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Home School of Communications, Media, Arts and Design Blog 2015 November 24 Movies exposed: Secrets of digital visual effects

Movies exposed: Secrets of digital visual effects

picture of a centennial college digital visual effects program student working on a digital effect in the computer lab

Have you ever been so absolutely blown away by a movie because of how incredibly life-like it was? And that the only thing giving it away as “just a movie” was the fact that it was based in a world that doesn’t exist? These days, you’re pretty safe to assume that a lot of what you see on the big-screen is the work of computer-generated imagery. But achieving such spectacular scenes, like those in Alice in Wonderland, Pirates of the Caribbean and Game of Thrones, doesn’t happen overnight. In fact, sometimes getting a single scene perfect (one that lasts mere seconds) can take months to finish. So how do they do it? You can learn all this and more in Centennial’s Digital Visual Effects program (the only two-year diploma program of its kind in Ontario). Below we draw the curtain on just a few of the industry’s secrets.


Simply put, compositing in digital visual effects means to combine multiple objects (images, video or other artwork) into a single picture. It’s like building a house – combining the necessary materials together (bricks, shingles, nails, etc.) to construct the final product. Using a technique called chroma keying, which usually incorporates a green or blue screen, compositors (the builders) will take live-shot footage and replace the green or blue colour with a computer-generated element. Whether it’s a graphic or another piece of footage, the goal is to be able to blend them seamlessly as if it were a single shot. You’ve most likely seen compositing during weather forecasts on TV in which footage of the meteorologist and digital weather maps are combined. This makes it look as if the forecast is being done in front of the maps (when they’re really standing in front of a green screen). Movies and television use compositing extensively. From the passing scenery out the windows of a moving car to being able to have Godzilla stalk through major cities in Japan, compositing is an essential part of filmmaking.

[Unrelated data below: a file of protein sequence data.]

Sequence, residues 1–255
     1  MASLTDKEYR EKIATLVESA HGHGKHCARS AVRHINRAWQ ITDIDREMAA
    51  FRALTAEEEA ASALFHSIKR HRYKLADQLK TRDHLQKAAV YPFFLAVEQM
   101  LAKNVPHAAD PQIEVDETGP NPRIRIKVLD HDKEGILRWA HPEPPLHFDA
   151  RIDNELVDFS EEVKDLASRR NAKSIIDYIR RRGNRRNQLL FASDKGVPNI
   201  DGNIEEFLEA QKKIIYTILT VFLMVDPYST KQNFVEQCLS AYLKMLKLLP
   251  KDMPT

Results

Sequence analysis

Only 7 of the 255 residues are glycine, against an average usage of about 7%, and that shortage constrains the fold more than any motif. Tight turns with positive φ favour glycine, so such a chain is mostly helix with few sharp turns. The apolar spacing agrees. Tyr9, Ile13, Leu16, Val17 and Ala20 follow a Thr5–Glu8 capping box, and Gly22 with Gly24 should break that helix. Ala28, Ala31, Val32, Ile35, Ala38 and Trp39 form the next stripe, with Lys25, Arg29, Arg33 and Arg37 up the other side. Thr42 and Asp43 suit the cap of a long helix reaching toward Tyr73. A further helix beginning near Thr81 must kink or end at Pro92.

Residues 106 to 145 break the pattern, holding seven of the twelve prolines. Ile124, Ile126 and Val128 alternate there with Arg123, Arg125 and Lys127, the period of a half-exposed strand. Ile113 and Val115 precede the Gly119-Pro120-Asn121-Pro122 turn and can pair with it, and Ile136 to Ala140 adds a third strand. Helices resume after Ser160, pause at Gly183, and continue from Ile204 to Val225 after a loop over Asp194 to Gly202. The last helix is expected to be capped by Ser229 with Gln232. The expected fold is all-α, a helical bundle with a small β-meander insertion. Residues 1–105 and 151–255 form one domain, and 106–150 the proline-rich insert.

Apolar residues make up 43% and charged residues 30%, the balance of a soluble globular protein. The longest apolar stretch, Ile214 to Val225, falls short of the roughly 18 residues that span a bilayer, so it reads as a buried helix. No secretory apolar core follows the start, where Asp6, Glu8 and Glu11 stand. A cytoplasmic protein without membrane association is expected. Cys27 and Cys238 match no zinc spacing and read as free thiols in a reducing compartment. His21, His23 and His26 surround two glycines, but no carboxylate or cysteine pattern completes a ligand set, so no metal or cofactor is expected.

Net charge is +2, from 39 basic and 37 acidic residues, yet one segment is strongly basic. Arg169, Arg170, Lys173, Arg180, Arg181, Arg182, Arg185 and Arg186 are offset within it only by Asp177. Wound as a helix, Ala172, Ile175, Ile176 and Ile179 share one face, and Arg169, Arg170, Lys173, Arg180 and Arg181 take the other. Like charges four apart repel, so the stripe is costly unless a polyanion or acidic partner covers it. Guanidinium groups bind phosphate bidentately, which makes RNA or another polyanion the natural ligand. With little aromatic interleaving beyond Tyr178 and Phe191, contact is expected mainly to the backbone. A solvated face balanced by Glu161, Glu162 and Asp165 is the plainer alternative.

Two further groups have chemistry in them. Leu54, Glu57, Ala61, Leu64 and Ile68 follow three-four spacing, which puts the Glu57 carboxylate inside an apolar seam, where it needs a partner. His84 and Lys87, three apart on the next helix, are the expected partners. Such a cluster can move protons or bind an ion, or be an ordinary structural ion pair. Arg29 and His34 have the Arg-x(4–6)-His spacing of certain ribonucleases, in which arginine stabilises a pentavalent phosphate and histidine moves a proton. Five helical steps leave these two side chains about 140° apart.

Matte Painting and Set Extension

One of the oldest and most common visual effects techniques is matte painting, which allows a director to go beyond the confines of studio walls by compositing painted images with previously filmed footage. Digital visual effects courses in Toronto will teach you that these paintings are used in the creation of scenes that require enhancement (like adding buildings that aren’t in the original shot), or creating worlds that don’t exist (like Maleficent’s forest of thorns). In the past, mattes were actually painted on large panes of glass and footage was then projected through the unpainted, translucent spots. Mattes can also make a scene look bigger and provide greater depth of field in what is known as set extension. A classic example of this can be seen in the Wizard of Oz in which the yellow brick road in the physical set meets with a painted backdrop of the yellow brick road leading to the Emerald City in the far-off distance. Today, matte paintings are created digitally, using computer software that works in conjunction with graphic tablets and specialized stylus pens. Artists are also able to 3D map painted images so they can become part of a moving scene, making them even more realistic.


In any digital effects program in Toronto, you’ll quickly learn that in order to create a film that simulates reality, a huge number of special ingredients are necessary. In post-production, features like shading, texturing, bump mapping and reflection are added to all composited pieces in order to finalize the film and make it appear as seamless and as real as possible. And because there are so many pieces that come together, and so much information about each item, it can take a long time to process (or render). To help illustrate just how big these files can be, Blue Sky Studios (the people behind the Ice Age series) say a movie that’s completely digital consists of 24 images per second with each image containing approximately two million pixels. In a two-hour movie, that’s 345.6 million pixels! That’s an enormous amount of data to process. Your typical desktop computer would probably go up in flames trying to render a file this large, so that’s where “render farms” come into play. These bad boys are a collection of rack-mounted multi-processors, able to perform and solve a number of complex equations, averaging between two and four hours per frame, that eventually turn the right ingredients into the finished product.

So if you love movies and are artistically inclined, then you should really consider getting a digital visual effects diploma in Toronto. It was pretty much made for you. Applications for September 2016 are open now!

By Ashley Breedon